Together, these parties have 142 seats in Lok Sabha, 98 in the Rajya Sabha, and more than 1,600 across the Assemblies, but taking on BJP at the national level requires much more momentum than it currently has on its side. The reasons are several and much to their anguish, a few insiders say besides being strange bedfellows, the bloc’s meetings or even informal get-togethers do not inspire confidence. On the other hand, there is more babble than disciplined talk.
The lack of ideological cohesion has become conspicuous after the resounding reverses in the three states where Congress not only lost but also vastly trailed internal expectations and exit poll surveys. The regional allies are emboldened enough to come out and tell the Congress leaders to clear phantoms from their heads
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For instance, Nitish Kumar’s antics at I.N.D.I.A. meetings have endeared him to none. Rahul Gandhi had himself reportedly complained about the Bihar leader, a former long-time ally of BJP, dominating the sessions and not sparing much time for the others. Gandhi Junior, for his part, typically whiles away his time at such meets scrolling on his cell phone. Others who have an equally exaggerated sense of self-importance at these conclaves include CPI’s D Raja and CPM General Secretary Sitaram Yechury. Akhilesh Yadav never speaks at these meetings and instead deputes his uncle and SP National General Secretary Ram Gopal Yadav.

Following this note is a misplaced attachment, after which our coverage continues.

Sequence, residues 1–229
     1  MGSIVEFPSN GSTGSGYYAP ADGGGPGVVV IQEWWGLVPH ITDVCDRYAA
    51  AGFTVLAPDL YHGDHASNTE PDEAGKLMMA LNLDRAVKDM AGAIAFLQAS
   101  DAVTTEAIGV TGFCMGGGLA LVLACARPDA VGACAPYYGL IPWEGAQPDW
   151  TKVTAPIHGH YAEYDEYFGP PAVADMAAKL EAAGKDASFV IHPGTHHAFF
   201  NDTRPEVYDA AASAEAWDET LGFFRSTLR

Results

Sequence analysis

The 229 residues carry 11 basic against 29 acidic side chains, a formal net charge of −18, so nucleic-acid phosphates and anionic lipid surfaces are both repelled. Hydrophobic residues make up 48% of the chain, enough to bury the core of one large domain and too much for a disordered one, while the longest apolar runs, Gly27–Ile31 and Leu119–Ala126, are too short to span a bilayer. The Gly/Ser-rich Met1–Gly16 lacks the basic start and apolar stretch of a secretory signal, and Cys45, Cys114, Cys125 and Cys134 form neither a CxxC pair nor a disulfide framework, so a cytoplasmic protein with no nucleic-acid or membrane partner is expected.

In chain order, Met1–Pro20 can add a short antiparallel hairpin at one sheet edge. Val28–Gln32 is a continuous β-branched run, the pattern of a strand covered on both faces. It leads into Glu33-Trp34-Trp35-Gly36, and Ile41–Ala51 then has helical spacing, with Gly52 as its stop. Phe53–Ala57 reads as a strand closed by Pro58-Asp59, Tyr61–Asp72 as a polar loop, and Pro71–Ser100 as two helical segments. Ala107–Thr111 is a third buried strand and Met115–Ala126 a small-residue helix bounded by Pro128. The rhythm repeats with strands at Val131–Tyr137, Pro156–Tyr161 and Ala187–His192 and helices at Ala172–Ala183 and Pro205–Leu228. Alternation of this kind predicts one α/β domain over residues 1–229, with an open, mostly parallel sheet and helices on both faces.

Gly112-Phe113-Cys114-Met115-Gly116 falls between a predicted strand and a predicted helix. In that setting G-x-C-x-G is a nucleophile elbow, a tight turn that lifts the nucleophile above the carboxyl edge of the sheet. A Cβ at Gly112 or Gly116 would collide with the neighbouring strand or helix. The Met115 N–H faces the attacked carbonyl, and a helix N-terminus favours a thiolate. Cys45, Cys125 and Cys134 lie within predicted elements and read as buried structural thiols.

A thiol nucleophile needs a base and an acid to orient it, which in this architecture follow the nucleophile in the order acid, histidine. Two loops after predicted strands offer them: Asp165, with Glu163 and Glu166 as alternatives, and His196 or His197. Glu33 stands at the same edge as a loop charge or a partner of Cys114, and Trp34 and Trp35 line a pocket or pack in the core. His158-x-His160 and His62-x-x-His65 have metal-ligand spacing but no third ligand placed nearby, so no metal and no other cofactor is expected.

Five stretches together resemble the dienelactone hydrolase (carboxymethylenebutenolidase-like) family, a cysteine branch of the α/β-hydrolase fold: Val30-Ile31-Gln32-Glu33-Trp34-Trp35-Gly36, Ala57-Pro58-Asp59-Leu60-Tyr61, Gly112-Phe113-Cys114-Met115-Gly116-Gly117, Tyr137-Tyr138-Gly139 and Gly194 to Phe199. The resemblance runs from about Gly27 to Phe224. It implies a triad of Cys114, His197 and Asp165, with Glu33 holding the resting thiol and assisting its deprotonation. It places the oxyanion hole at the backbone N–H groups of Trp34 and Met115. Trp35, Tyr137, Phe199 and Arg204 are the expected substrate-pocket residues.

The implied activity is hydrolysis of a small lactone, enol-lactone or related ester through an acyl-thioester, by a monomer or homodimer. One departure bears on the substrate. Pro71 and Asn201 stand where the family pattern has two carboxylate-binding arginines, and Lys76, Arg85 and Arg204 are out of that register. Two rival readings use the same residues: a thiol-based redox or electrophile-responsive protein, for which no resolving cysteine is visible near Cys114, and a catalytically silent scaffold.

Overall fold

WHAT HOBBLES I.N.D.I.A. is much more than the shrunken political strength of what was once India’s ruling party, Congress. Others, including the Left bloc, Aam Aadmi Party (AAP), Trinamool Congress, Janata Dal (United), Dravida Munnetra Kazhagam (DMK), Nationalist Congress Party (NCP), Rashtriya Janata Dal (RJD), Samajwadi Party and Shiv Sena (Uddhav Balasaheb Thackeray), do not have any appeal beyond one or two states on their own or in tie-up with Congress. Sample this: SP’s Akhilesh Yadav generated a lot of hype in Madhya Pradesh, and yet the party failed to win any seat and ended up with its worst-ever vote share: a mere 0.46 per cent. The same is true of JD(U) which fielded candidates in the state, some of them winning as low as 48, 61, 72, 100, 109, 272 and 348 votes, respectively, in seats they contested from. Some others are too insignificant to make an impact, including the National Conference, Indian Union Muslim League, People’s Democratic Party, and so on.